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Encyclopedia > Zellig Harris

Zellig Sabbetai Harris (October 23, 1909 - May 22, 1992) was an American linguist, mathematical syntactician, and methodologist of science. Originally a Semiticist, he is best known for his work in structural linguistics and discourse analysis and for the discovery of transformational syntax. October 23 is the 296th day of the year (297th in leap years) in the Gregorian Calendar, with 69 days remaining. ... 1909 (MCMIX) was a common year starting on Friday (see link for calendar). ... May 22 is the 142nd day of the year in the Gregorian calendar (143rd in leap years). ... 1992 (MCMXCII) was a leap year starting on Wednesday. ... Linguistics is the scientific study of human language, and someone who engages in this study is called a linguist or linguistician. ... 14th century BC diplomatic letter in Akkadian, found in Tell Amarna. ... Structuralism is a general approach in various academic disciplines that explores the inter-relationships between fundamental elements of some kind, upon which some higher mental, linguistic, social, cultural etc structures are built, through which then meaning is produced within a particular person, system, culture. ... Discourse analysis is a number of approaches to analysing language use above the sentence or clause level. ... Syntax, originating from the Greek words συν (syn, meaning co- or together) and τάξις (táxis, meaning sequence, order, arrangement), can in linguistics be described as the study of the rules, or patterned relations that govern the way the words in a sentence come together. ...

Harris was born in Balta, now Odessa oblast, Ukraine, and came with his family to Philadelphia, Pennsylvania in 1913. A student in the Oriental Studies department, he received his bachelor's (1930), master's (1932), and doctoral (1934) degrees from the University of Pennsylvania. He began teaching at Penn in 1931, and would go on to found the linguistics department there in 1946, the first such department in the country. Balta is a small town (pop. ... Odessa Oblast (Ukrainian: Одеська область, Odes’ka oblast’ or Одещина, Odeshchyna) is an oblast of south-western Ukraine. ... Nickname: City of Brotherly Love Motto: Philadelphia maneto (Let brotherly love continue) Official website: http://www. ... 1913 (MCMXIII) is a common year starting on Wednesday. ... The examples and perspective in this article or section may not represent a worldwide view. ... 1930 (MCMXXX) is a common year starting on Wednesday. ... A masters degree is an academic degree usually awarded for completion of a postgraduate or graduate course of one to three years in duration. ... 1932 (MCMXXXII) was a leap year starting on Friday (the link will take you to a full 1932 calendar). ... 1934 (MCMXXXIV) was a common year starting on Monday (link will take you to calendar). ... The University of Pennsylvania (Penn is the moniker used by the university itself ) is a private, nonsectarian research university located in Philadelphia, Pennsylvania. ... 1931 (MCMXXXI) was a common year starting on Thursday (link is to a full 1931 calendar). ... Linguistics is the scientific study of human language, and someone who engages in this study is called a linguist or linguistician. ... 1946 (MCMXLVI) was a common year starting on Tuesday. ...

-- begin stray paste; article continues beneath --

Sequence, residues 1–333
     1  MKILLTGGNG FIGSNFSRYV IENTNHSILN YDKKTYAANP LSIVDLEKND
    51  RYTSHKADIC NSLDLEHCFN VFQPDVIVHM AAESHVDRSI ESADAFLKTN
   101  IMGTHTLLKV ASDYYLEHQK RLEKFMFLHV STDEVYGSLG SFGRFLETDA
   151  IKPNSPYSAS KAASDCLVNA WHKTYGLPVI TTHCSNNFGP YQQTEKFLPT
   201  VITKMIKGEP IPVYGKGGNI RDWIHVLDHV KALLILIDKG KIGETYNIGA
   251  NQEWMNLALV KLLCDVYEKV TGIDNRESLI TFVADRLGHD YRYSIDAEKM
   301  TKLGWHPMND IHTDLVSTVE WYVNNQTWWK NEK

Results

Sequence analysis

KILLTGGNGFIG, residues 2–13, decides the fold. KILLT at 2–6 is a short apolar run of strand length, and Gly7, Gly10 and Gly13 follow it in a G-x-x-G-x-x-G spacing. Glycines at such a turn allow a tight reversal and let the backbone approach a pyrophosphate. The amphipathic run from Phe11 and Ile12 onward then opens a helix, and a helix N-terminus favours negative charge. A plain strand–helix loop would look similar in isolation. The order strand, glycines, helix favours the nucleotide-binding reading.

It is widely believed that Harris carried Bloomfieldian ideas of linguistic description to their extreme development: the investigation of discovery procedures for phonemes and morphemes, based on the distributional properties of these units. One or more images would improve this articles quality. ... In human language, a phoneme is a set of phones (speech sounds or sign elements) that are cognitively equivalent. ... In Morpheme-based morphology, a morpheme is the smallest language unit that carries a semantic interpretation. ... Complementary distribution in linguistics refers to the relationship between two elements where one element can be found only in a particular environment and the other element can be found only in the opposite environment. ...